2015 is a big year for goals in international development. Maybe these resolutions will not be in the news when it comes to the big summits but “truly can improve an aid worker’s performance as well as an organization’s impact.”
Maybe you can guess one of my resolutions from me posting Saturday Morning Reading for the first time in 4 months!
3. Migration and Development: Small Tweaks for Big Benefits | Owen Barder and Theodore Talbot – Center For Global Development
While the public discourse about migration in the UK concentrates on new ways to keep people out, CGDev see this as a window of opportunity and have suggested thirteen innovations to deliver development benefits.
“They fall into three broad categories: capturing gains from immigration, for example by training and hiring more nurses from developing countries, rationalizing our rules about immigration, for example rolling back the nonsensical limits on the number of overseas students who can come to the UK temporarily to study, and innovating, by re-jigging global rules and domestic policies to help developing countries capture more of the benefits of sending their workers to the UK, however briefly.”
Duncan reviews a new book on ‘doing development differently’/’thinking and working politically’
“Overall, the book is subtle, complex, often confusing and repays careful study. The complexity is born of deep first hand knowledge, and in the end, suggests that for all Levy’s heroic attempts to distil some general lessons, the roots of success and failure are really only visible with hindsight. Governance advisers and reformers will continue to flounder in the fog, but WWTG, and the other revisionist books and papers, can help a little by discounting some of the bad ideas, and maybe showing people how to look for (and recognize) success a little earlier. That feels like a worthwhile contribution.”
5. Institutions eat interventions for breakfast | 59 minutes of development
“The idea that the development community should focus on interventions or even technologies and spot the winners is itself problematic. Donors need to get better at spotting leaders and organizations that routinely find and implement effective solutions, and support them to expand their efforts and/or find solutions to other pressing problems.  These are actually capabilities that are extremely valuable, especially when paired with the political savviness to keep stakeholders, like the national government, happy.”
“Freelance workers available at a moment’s notice will reshape the nature of companies and the structure of careers”. Technology is transforming labour markets in developed countries. Given the spread of mobile money in any developing countries, opportunities abound.

Saturday Morning Reading #27

Here’s your (extra reflective) Saturday morning reading…

1) Cognitive dissonance: An unspoken qualification? | WhyDev – Jonathan Favini
“Certainly the intent of development is noble. At face value, the notion of alleviating human suffering, of improving living conditions or elongating lives, is unarguably good. That said, the disturbing truth is that academic and professional evaluations of the development industry have been largely negative.”

2) Africa’s economic ‘rise’ does not reflect reality | Jostein Hauge | Global development
“Raising the poverty line to $2 a day gives more startling results. In sub-Saharan Africa, this rate barely improved – from 72% to 70% between 1981 and 2010. In the same time span, developing countries in east Asia and the Pacific slashed this rate by more than two-thirds, from 92.4% to 29.7%. As a consequence, Africa’s share of world poverty has, in fact, been rising”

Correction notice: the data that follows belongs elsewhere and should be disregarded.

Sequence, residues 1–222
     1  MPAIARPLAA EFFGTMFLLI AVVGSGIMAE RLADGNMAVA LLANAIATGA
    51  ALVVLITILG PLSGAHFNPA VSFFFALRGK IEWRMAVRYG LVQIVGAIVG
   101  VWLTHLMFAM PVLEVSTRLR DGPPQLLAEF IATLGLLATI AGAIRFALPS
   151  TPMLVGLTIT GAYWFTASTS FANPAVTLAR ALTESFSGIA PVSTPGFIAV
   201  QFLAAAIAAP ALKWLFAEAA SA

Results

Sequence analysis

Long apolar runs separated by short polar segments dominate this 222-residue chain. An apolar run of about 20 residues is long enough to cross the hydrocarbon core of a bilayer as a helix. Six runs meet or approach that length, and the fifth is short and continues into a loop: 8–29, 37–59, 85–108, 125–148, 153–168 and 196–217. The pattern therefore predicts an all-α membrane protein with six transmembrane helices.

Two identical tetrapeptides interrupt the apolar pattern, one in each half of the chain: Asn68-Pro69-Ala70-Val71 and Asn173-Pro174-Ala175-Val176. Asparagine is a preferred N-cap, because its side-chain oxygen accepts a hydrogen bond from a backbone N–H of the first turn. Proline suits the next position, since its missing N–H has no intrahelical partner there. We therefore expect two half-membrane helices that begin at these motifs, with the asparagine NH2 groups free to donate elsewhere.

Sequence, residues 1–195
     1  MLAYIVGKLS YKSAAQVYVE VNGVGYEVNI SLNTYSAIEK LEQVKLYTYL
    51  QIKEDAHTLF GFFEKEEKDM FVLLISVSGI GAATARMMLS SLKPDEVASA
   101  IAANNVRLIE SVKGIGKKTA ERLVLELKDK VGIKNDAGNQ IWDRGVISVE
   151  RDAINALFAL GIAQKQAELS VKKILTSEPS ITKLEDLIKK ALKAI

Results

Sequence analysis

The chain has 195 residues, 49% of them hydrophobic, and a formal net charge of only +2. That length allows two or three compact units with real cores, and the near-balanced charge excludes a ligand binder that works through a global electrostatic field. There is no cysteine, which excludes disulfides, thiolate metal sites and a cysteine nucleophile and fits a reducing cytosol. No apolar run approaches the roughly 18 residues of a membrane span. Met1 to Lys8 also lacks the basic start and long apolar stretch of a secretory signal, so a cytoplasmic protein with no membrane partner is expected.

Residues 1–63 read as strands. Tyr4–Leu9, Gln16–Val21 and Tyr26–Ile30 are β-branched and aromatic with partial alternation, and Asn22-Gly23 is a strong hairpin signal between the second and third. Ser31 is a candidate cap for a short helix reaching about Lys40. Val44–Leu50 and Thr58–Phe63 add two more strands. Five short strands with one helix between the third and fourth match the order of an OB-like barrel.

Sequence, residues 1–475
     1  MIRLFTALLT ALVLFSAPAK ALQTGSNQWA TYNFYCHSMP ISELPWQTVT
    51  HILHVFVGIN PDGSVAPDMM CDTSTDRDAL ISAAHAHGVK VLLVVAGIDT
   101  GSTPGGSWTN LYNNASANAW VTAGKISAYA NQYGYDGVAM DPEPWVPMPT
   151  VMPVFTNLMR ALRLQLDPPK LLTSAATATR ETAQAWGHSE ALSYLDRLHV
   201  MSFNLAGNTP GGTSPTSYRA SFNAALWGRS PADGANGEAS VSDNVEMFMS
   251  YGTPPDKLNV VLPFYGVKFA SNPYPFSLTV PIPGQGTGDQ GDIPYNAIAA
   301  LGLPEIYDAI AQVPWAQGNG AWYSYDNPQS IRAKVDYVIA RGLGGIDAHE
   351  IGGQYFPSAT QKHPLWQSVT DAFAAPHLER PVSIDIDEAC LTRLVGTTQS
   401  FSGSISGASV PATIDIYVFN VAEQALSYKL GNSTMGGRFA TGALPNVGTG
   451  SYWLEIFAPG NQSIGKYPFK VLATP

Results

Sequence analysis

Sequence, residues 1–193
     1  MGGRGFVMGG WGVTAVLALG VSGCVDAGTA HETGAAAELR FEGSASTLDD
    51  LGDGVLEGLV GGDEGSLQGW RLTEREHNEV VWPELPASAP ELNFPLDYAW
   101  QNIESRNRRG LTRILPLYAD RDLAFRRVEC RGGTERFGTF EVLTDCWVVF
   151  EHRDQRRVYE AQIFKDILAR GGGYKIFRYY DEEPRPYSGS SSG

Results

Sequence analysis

3) How To Write So You Won’t Be Ignored | Development Intern – Rowan Emslie
“We live in a world that is spectacularly, almost absurdly saturated with information. If you want people to pay attention to anything you are adding to this over-abundance, you’d better make sure it’s clear and easy to read.”

4) Flying off on holiday? You disgust me. | Aid Leap
“In order to reduce my carbon footprint, I try to avoid flying as much as possible. When I tell people this, they normally react with a kind of slack-jawed disbelief. Sometimes the reaction is mixed with amusement, as if I attempted to limit methane emissions by farting less. Sometimes it’s quite hostile, as if I slaughtered kittens to protect the mice living in my cupboard.”

5) Why you shouldn’t start an orphanage (from a woman who did) | Lessons I Learned
“Many things that I once believed about charity and aid turned out to be wrong.”

6) Book review: Letters Left Unsent | The DiA Blog
“The author emphasizes that the industry is not perfect. Nor is it entirely flawed either, however. It is an industry comprised of people who are capable of performing both good and bad actions, and who operate within a framework of power relations. In short, it is just like any other industry out there but with a twist: if it functions properly, meaningful change for the better can be achieved.”

7) Why the Internet makes the personal even more political | openDemocracy
“While online relationships may be a poor substitute for the emotional warmth of a face-to-face interaction, they are quickly surpassing community gatherings in their ability to reach huge numbers of people quickly. Those qualities are going to be important in any broader effort to transform society.”

8) Perverse Payment by Results: frogs in a pot and straitjackets for obstacle courses | Participation, Power and Social Change Research at IDS
“Until PbR is soundly evidence-based, while DFID may  be a world leader in payment by results, for aid to be cost-effective, and for the sake of people living in poverty, let there be no followers.  If DFID want to be a world leader, perhaps this could be in honest, insightful evaluation of PbR which goes deep into its externalities and  the realities of all who are affected.”

9) Development: not for people from different work and ethnic backgrounds? | Global Development Professionals Network